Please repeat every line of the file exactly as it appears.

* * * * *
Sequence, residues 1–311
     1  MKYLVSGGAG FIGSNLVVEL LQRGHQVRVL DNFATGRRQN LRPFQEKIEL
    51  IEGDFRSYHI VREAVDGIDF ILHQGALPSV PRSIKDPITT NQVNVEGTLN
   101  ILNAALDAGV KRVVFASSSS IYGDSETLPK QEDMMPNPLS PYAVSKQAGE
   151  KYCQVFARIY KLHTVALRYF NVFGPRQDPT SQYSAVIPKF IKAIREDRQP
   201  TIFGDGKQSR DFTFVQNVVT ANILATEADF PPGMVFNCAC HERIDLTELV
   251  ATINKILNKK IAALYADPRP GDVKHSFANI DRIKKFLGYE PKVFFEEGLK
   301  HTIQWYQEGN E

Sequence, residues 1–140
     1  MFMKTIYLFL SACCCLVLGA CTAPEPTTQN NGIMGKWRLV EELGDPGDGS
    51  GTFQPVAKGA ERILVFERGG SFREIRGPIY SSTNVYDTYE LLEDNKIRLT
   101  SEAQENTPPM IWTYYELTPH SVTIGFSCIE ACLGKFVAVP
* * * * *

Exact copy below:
Sequence, residues 1–311
     1  MKYLVSGGAG FIGSNLVVEL LQRGHQVRVL DNFATGRRQN LRPFQEKIEL
    51  IEGDFRSYHI VREAVDGIDF ILHQGALPSV PRSIKDPITT NQVNVEGTLN
   101  ILNAALDAGV KRVVFASSSS IYGDSETLPK QEDMMPNPLS PYAVSKQAGE
   151  KYCQVFARIY KLHTVALRYF NVFGPRQDPT SQYSAVIPKF IKAIREDRQP
   201  TIFGDGKQSR DFTFVQNVVT ANILATEADF PPGMVFNCAC HERIDLTELV
   251  ATINKILNKK IAALYADPRP GDVKHSFANI DRIKKFLGYE PKVFFEEGLK
   301  HTIQWYQEGN E

Sequence, residues 1–140
     1  MFMKTIYLFL SACCCLVLGA CTAPEPTTQN NGIMGKWRLV EELGDPGDGS
    51  GTFQPVAKGA ERILVFERGG SFREIRGPIY SSTNVYDTYE LLEDNKIRLT
   101  SEAQENTPPM IWTYYELTPH SVTIGFSCIE ACLGKFVAVP